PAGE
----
Frequency generator 10 includes center laser 20, left laser subsystem 22 and right laser subsystem 24. Nodes 26, 28, 30, 32 interconnect a polarization maintaining (PM) fiber optic network having fiber links 34 a-34 k for efficient light channeling. Center laser 20 is a tunable non-planar ring oscillator (NPRO) pigtail laser, for example, Lightwave Technology NPRO Laser product model No. 125-1319- xxx-w, having a wavelength of 1319 nm, and is coupled to PM fiber link 34 b.

Referring briefly to FIGS. 2, 3 and 4, there is depicted, respectively, vertical signal polarization V, horizontal signal polarization H, and a 45° signal polarization. When considering the endface of PM fiber links 34 a-34 k as seen in FIG. 1, a coordinate system for each endface can be established such that any polarization state that is launched into the fiber will be maintained with respect to the coordinate system. For example, referring back to FIG. 1, signal v0 is launchable into PM fiber link 34 b and has a vertical polarization.

Left laser subsystem 22 includes laser 40, whose characteristics are similar to that of center laser 20 but provides a different signal v 1, for example, one that is+10 GHz greater in frequency than v0, which is launchable into PM fiber link 34 a and also has a vertical polarization. However, to control the stability of the microwave frequency difference v0-v1, left laser subsystem 22 includes equipment which is used to make sure that frequency v1 maintains a constant relationship to frequency v0. In practicing the present invention, there is no particular concern if the frequency v0 of center laser 20 varies slightly, but that the difference between v1 and v0 is maintained.

Referring back to center laser 20, laser light v0 feeds into node 26, which is a coupler/splitter, for example, a Wave Optics PM 50:50 splitter product model no. 650/967-0700. At the splitter 50% of the v0 power is diverted to PM fiber link 34 d which outputs from coupler/splitter node 26 with a vertical polarization remaining. All of the v1 NPRO laser 40 light and the 50% feed into line 34 d from coupler splitter node 26 combine in a fiber optic coupler/splitter at node 28, a similar Wave Optics PM 50:50 splitter product to that of couple splitter node 26. Since the polarization states are the same, namely, both being vertically polarized, they mix. 50% of the output from coupler/splitter node 28, as indicated by mixing arrows 60, falls upon photodiode 44 in left laser subsystem 22 from PM fiber link 34 f, where the difference frequency generated by photodiode 44 is fed into RF mixer 46. The RF mixer is such that it is compatible with the frequency range being measured, for example, Anaren RF mixer product model no. 73230. The difference frequency is compared with a reference frequency, i.e., the desired difference frequency, from very stable synthesized oscillator 48 set at the desired frequency and the desired frequency is compared with the frequency generated in photodiode 44. The output of RF mixer 46 is coupled to laser offset locking accessory (LOLA) 42, for example, Lightwave Technology product model No. LOLA 2000 or 2005. LOLA 42, which, in turn, is coupled to laser 40, allows for agile temperature tuning and for piezoelectric tuning of its coupled laser's frequency. As such, left subsystem 22 provides a phase lock loop, wherein the RF mixer produces the difference frequency between the reference and the actual difference frequency between the two light sources, lasers 20 and 40. If the difference frequency is non-zero, then a periodic function is output from the RF mixer and will cause a periodic variation in the frequency of v1, which is being controlled by the LOLA 42. In essence, when the frequency difference between the reference and the actual frequency being generated is zero, but of the appropriate phase, then there is derived a steady-state voltage of the proper value so that the frequency of laser 40 is locked. It then follows that if small changes in the v0 frequency from laser 20 are made, it will remain in lock. Therefore, v1 is now controlled with respect to v0 to obtain a desired difference frequency.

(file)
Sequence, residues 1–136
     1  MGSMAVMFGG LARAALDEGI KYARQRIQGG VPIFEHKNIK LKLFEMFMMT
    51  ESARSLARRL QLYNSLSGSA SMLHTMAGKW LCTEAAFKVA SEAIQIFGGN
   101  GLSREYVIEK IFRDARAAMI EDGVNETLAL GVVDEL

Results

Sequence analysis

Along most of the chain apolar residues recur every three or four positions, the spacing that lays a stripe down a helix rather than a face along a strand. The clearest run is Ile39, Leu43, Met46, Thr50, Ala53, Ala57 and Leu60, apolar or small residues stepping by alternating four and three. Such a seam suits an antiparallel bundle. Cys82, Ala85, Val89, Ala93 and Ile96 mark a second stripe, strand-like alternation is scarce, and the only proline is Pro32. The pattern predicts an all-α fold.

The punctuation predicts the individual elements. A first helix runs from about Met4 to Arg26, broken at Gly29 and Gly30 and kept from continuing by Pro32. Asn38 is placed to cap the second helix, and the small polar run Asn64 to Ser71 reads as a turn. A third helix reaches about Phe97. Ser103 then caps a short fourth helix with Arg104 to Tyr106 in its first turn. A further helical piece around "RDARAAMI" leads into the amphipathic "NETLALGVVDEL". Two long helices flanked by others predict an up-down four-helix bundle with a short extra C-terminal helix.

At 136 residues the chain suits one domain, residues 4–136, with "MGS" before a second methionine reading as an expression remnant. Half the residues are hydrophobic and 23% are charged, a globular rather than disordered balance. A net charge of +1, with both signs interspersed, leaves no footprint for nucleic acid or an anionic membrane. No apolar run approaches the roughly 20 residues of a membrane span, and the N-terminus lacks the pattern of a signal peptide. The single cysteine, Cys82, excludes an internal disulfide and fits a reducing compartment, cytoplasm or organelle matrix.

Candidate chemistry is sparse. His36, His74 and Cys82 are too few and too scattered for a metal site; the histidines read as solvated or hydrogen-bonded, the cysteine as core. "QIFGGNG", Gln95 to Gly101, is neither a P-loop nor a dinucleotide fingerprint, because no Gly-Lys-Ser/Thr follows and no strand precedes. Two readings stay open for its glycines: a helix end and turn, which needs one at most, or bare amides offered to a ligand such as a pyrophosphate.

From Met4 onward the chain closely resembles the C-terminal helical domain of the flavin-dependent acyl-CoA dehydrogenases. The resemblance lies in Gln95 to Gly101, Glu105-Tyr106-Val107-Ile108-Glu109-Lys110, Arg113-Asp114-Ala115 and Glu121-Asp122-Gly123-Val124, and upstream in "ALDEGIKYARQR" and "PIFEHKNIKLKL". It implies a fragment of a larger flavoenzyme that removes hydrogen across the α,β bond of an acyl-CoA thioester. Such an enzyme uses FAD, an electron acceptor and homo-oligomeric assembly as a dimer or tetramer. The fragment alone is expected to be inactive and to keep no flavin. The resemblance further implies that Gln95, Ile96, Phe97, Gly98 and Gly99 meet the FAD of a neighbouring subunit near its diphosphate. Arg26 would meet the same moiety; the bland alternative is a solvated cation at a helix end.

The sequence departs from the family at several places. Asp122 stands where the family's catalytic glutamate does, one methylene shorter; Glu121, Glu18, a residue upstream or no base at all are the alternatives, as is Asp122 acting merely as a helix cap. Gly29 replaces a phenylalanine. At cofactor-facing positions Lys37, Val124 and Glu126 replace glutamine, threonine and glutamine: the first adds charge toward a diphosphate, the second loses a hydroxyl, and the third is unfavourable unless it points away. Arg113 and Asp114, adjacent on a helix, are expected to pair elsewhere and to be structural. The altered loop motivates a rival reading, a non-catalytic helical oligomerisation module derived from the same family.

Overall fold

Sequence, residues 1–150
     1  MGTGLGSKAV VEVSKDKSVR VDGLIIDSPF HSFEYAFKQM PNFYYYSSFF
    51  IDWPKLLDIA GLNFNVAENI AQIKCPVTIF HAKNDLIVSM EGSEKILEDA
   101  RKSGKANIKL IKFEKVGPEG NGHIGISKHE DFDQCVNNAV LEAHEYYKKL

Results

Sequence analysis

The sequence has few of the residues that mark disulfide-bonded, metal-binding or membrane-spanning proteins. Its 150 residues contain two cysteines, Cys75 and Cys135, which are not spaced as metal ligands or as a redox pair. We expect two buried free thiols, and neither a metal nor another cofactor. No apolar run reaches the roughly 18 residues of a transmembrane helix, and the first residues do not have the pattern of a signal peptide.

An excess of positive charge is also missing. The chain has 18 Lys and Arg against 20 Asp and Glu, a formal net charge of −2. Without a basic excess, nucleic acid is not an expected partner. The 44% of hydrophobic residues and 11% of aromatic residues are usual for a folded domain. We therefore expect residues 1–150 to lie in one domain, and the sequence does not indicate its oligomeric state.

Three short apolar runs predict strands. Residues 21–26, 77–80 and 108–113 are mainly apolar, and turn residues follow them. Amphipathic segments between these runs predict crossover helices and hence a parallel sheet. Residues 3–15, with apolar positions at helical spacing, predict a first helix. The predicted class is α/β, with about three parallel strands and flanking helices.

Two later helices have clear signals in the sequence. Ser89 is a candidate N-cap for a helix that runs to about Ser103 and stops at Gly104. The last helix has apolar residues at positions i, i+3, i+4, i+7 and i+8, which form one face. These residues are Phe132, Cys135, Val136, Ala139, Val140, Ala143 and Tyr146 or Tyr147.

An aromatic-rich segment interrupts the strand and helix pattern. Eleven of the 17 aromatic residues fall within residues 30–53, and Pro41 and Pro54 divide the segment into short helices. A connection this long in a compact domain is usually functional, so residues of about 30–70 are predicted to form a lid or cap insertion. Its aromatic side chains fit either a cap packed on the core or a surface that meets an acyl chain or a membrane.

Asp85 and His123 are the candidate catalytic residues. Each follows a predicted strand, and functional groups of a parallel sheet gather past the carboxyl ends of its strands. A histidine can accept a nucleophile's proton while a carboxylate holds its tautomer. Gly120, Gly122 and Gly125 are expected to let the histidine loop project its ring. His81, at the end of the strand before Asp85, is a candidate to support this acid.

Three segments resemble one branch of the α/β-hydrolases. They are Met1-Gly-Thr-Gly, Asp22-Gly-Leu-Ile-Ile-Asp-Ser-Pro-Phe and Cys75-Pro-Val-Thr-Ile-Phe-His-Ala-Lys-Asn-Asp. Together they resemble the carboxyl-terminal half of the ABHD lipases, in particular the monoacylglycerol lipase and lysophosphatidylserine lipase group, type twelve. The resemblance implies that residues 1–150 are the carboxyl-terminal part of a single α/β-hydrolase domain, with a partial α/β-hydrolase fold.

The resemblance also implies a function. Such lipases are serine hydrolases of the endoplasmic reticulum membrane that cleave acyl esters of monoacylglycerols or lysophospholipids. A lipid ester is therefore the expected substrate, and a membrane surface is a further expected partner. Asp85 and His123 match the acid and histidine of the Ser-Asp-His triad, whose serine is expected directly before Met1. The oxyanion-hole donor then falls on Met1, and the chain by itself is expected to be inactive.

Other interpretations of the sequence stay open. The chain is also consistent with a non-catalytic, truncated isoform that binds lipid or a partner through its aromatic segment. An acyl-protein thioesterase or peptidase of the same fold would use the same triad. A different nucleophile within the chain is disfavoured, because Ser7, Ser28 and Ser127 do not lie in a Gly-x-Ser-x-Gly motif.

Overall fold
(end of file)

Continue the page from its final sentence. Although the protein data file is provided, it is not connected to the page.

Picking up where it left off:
Similarly, right laser subsystem 24 includes laser 50, whose characteristics are similar to that of center laser 20 but provides a different signal v2, for example, one that is +9 GHz greater in frequency than v0, which is launchable into PM fiber link 34 c and has a horizontal polarization. However, to control the stability of the frequencies v0 and v2, right laser subsystem 24 similarly includes equipment which is used to make sure that frequency v2 maintains a constant relationship to the frequency v0. As discussed similarly above with regard to v1 and v0, in practicing the present invention, there is no particular concern if the frequency v0 of center laser 20 varies slightly, but that the difference between v2 and v0 is maintained.